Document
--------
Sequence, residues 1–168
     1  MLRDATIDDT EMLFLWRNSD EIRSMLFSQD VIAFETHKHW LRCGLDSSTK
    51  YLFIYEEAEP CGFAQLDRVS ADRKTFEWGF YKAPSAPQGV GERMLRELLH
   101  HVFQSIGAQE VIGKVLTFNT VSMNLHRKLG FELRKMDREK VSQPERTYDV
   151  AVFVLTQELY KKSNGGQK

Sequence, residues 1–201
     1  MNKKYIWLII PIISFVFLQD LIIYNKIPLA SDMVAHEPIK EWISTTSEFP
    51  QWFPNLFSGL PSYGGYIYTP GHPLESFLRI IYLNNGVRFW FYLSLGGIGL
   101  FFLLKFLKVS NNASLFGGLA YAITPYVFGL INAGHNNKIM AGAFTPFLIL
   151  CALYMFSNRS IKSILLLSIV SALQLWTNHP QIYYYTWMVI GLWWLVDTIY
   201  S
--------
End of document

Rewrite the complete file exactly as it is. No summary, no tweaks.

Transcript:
Sequence, residues 1–168
     1  MLRDATIDDT EMLFLWRNSD EIRSMLFSQD VIAFETHKHW LRCGLDSSTK
    51  YLFIYEEAEP CGFAQLDRVS ADRKTFEWGF YKAPSAPQGV GERMLRELLH
   101  HVFQSIGAQE VIGKVLTFNT VSMNLHRKLG FELRKMDREK VSQPERTYDV
   151  AVFVLTQELY KKSNGGQK

Sequence, residues 1–201
     1  MNKKYIWLII PIISFVFLQD LIIYNKIPLA SDMVAHEPIK EWISTTSEFP
    51  QWFPNLFSGL PSYGGYIYTP GHPLESFLRI IYLNNGVRFW FYLSLGGIGL
   101  FFLLKFLKVS NNASLFGGLA YAITPYVFGL INAGHNNKIM AGAFTPFLIL
   151  CALYMFSNRS IKSILLLSIV SALQLWTNHP QIYYYTWMVI GLWWLVDTIY
   201  S